Holiday Gift Guide: Games We Want to Give and Get
Board games are an essential part of our holidays, and while we will be playing many old favorites over the break (Adventure Time Munchkin, The Battle for Hogwarts, Castle Panic, Gloom, and King of Tokyo are stacked in the middle of our dining room table right now), we’re also excited to add some new games to our collection (and to the Junior High’s game closet at Jason’s school). Here are the ones we can’t wait to play:
I actually picked this up to perk up my son’s reading log — he gets bored with narrations and mini book reports, and this is a really fun way to mix things up. With a stack of books on the table, you flip through a volume to find rhymes for a rap, dating advice, tabloid headlines, and more based on the requirements of the card you’ve drawn. (It sounds dorky, but it’s a ton of fun.) We’ve enjoyed playing it as a twosome, but it’s even more fun with bigger groups.
This game started out as a Kickstarter project and it’s an obvious fun addition to your biology curriculum, but you don't have to be into science to enjoy this fast-paced strategy game. You’re in charge of a human cell, so you’ve got to figure out how to create resources with your available organelles and use those resources to keep your cell healthy. It’s surprisingly addictive.
Screw your courage to the sticking place, and get ready for this Bard-themed edition of Munchkin. We are big Munchkin fans here, so this one was a must-get for us. I am looking forward to some treachery, backstabbing, and serious punning in the weeks ahead.
I think I’ve had this on my wish list for a couple of years in a row, but telling me that a game plays like a mash-up of Dixit and Clue will pretty much always have me shouting “Take my money.” And we tend to dig cooperative rather than competitive games, so this one is right up our alley.
This critical thinking game is surprisingly challenging: You have to get four marbles to your end of the teeter-totter board without tipping it over.
Yes, please, I would like to run an art museum! I love the idea of this game — it’s a lot like those strategy city-building games, only instead of dealing in crops and fortresses, you’re buying and selling modern art. I think I’m going to DIY some cards for other modern artists and call the time we spend playing this game “art appreciation.”
If you’d rather run a zoo than an art museum (see above), this is the game for you. (For some reason it’s super expensive on Amazon right now, so I would definitely wait for the price to drop again!) My kids used to play “zoo” with their Littlest Pet Shop collection, so I think they might love this one.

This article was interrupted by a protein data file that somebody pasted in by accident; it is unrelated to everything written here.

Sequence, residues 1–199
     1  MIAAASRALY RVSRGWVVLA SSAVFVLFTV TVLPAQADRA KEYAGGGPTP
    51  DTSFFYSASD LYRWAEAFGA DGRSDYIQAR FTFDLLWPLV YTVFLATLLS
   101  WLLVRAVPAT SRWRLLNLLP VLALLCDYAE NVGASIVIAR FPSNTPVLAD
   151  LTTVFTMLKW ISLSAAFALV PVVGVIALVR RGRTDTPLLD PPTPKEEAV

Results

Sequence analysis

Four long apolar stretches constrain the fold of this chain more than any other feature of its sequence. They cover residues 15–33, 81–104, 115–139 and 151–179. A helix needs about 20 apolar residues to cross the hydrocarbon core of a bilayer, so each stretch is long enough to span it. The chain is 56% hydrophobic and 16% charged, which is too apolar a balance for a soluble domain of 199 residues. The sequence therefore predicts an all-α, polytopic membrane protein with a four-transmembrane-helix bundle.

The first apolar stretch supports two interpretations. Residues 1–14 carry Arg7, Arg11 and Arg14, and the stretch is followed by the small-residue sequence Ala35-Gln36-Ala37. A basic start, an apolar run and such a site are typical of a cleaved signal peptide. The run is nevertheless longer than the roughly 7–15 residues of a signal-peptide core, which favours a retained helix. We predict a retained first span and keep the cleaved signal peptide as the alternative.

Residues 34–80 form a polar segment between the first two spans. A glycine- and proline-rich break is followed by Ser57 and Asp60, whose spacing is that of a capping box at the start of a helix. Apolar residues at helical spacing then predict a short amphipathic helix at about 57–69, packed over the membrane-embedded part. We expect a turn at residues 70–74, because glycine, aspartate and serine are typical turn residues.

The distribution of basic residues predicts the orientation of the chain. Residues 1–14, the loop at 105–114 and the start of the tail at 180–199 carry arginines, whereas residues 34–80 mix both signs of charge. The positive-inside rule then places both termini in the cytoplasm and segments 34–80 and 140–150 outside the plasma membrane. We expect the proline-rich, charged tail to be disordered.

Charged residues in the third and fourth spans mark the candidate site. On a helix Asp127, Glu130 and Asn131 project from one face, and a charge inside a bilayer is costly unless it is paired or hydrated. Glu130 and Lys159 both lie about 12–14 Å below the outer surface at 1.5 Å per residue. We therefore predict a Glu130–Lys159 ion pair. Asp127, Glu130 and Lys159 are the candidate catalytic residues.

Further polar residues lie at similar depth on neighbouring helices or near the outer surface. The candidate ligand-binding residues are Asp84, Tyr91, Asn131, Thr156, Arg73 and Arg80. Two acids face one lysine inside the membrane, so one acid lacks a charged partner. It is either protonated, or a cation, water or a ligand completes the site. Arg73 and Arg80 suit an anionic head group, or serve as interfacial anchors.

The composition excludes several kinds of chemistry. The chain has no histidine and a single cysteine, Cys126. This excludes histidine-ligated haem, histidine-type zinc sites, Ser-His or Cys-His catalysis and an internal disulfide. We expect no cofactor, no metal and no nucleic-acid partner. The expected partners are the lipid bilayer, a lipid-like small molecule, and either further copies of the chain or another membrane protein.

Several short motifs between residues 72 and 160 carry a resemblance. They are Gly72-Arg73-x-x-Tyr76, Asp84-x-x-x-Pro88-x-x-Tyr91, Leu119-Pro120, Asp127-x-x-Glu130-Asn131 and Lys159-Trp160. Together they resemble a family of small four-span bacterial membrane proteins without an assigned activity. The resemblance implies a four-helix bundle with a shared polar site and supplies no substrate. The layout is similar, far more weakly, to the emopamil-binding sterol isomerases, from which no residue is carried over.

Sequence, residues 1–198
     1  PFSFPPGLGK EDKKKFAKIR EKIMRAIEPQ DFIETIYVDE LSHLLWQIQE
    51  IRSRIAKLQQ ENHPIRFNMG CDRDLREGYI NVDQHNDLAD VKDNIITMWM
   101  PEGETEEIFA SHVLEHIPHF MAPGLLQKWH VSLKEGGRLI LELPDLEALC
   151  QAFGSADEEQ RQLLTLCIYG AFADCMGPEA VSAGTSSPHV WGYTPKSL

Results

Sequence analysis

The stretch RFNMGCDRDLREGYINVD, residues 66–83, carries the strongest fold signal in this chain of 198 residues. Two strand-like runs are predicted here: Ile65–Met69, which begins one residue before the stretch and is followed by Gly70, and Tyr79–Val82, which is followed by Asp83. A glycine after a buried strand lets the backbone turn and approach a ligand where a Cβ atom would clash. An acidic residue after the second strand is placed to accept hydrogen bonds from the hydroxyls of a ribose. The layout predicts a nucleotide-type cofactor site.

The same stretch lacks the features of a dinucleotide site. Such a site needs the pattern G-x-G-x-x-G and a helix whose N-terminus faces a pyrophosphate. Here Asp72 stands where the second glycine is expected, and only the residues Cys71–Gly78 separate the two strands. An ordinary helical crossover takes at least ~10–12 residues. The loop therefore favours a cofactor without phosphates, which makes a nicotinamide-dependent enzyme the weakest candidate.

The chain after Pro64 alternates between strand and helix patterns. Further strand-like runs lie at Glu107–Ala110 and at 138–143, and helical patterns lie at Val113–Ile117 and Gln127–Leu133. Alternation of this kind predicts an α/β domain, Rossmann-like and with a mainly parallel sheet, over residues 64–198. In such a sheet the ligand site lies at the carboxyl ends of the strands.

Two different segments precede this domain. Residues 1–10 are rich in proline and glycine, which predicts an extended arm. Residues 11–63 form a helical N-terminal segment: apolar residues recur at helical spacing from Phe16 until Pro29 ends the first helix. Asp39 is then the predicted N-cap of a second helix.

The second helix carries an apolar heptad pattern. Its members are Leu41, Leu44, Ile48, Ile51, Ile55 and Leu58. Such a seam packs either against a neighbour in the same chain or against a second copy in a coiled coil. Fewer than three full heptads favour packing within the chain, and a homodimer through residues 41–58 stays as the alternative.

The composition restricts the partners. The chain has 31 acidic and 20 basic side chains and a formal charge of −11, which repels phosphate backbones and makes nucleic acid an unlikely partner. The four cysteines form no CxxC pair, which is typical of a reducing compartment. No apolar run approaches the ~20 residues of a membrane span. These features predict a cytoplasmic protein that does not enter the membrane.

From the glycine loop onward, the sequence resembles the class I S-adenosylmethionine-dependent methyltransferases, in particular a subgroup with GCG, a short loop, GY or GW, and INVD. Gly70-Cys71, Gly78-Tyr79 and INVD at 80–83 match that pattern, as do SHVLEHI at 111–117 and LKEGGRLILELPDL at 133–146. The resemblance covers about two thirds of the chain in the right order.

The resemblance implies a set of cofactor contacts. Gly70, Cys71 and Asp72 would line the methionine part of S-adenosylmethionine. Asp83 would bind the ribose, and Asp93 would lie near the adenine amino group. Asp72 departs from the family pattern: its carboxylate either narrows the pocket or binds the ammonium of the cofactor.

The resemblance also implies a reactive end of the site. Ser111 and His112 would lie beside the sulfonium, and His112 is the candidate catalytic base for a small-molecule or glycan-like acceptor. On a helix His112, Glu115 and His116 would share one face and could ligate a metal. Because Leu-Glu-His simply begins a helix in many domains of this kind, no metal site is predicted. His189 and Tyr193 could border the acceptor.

A friend brought this game over for a party earlier this year, and I thought, “Really? Bean trading?” But oh gosh, it’s so much fun — very fast-paced and action-packed as you decide what beans to plant and where and what beans to trade with other players. This is the game my kids both put on their wish lists. Don’t let the weird art put you off trying it.
I love word games and am always trying to get people to play with me, but I am kind of a bad winner, so it’s hard to do. This year I am pinning my hopes on this word game because my kids really, really love it when I blank on a word, and there seem to be lots of opportunities to do that. I’m also thinking of snagging an extra copy for the school.
I promise this isn’t edutainment! It’s really fun. Players have cards depicting various historical events that they have to put — as the name suggests — into chronological order. It’s challenging —was chewing gum invented before or after the sinking of the Titanic? — but also friendly, since there are plenty of opportunities where a little reasoning and critical thinking will carry you over a card you aren’t sure about.
The point of this game is to create gorgeous stained glass window — which gets challenging as your windows get more and more complex because of the game’s restrictions on what pieces can and can’t go together. It’s like a beautiful puzzle that changes every time you play it.
Also more complicated than it initially seems, Magic Maze lets players team up for a heist at a labyrinthine shopping mall. Each character has to nab the weapon that matches his color — the catch is that you can move every character but only in specific ways (like, you might be able to open doors or move south), and you can’t talk to the other players while the game is going. It gets pretty intense really fast.
If you were as hooked on Choose Your Own Adventure novels as I was, you will appreciate the fact that this game plays like a Choose Your Own Adventure story — the story is where the action happens. You and your game mates set off on adventure in the mystical land of Arzium, where you run into major choice points that will significantly affect the rest of your gameplay. It’s really fun.
Rebecca introduced me to Thames and Kosmos science kits, but apparently they have board games, too! This one hops onto the “escape room” trend — you play as a bunch of climate change researchers locked in an Arctic lab who must solve a series of coded puzzles to get out before you freeze.
I promise: This game is as fun as it is scientific — it’s not one of those learning-is-fun games that make the kids groan every tim you pull them out. You’ll need to use your critical thinking and strategic planning skills to plant, grow, and harvest your trees, and the game play is more like chess than Candyland. (I’m giving this one as a gift this year because the board and pieces are so pretty.)
This game is like Tetris with a little bit of math, and like Tetris, it’s super-addictive.
I feel like all I need to say about this game is that it lets you pretend you are the Grand Librarian of a magical library. I am pretty much all in for that, any time. (I would play this just for the book titles.)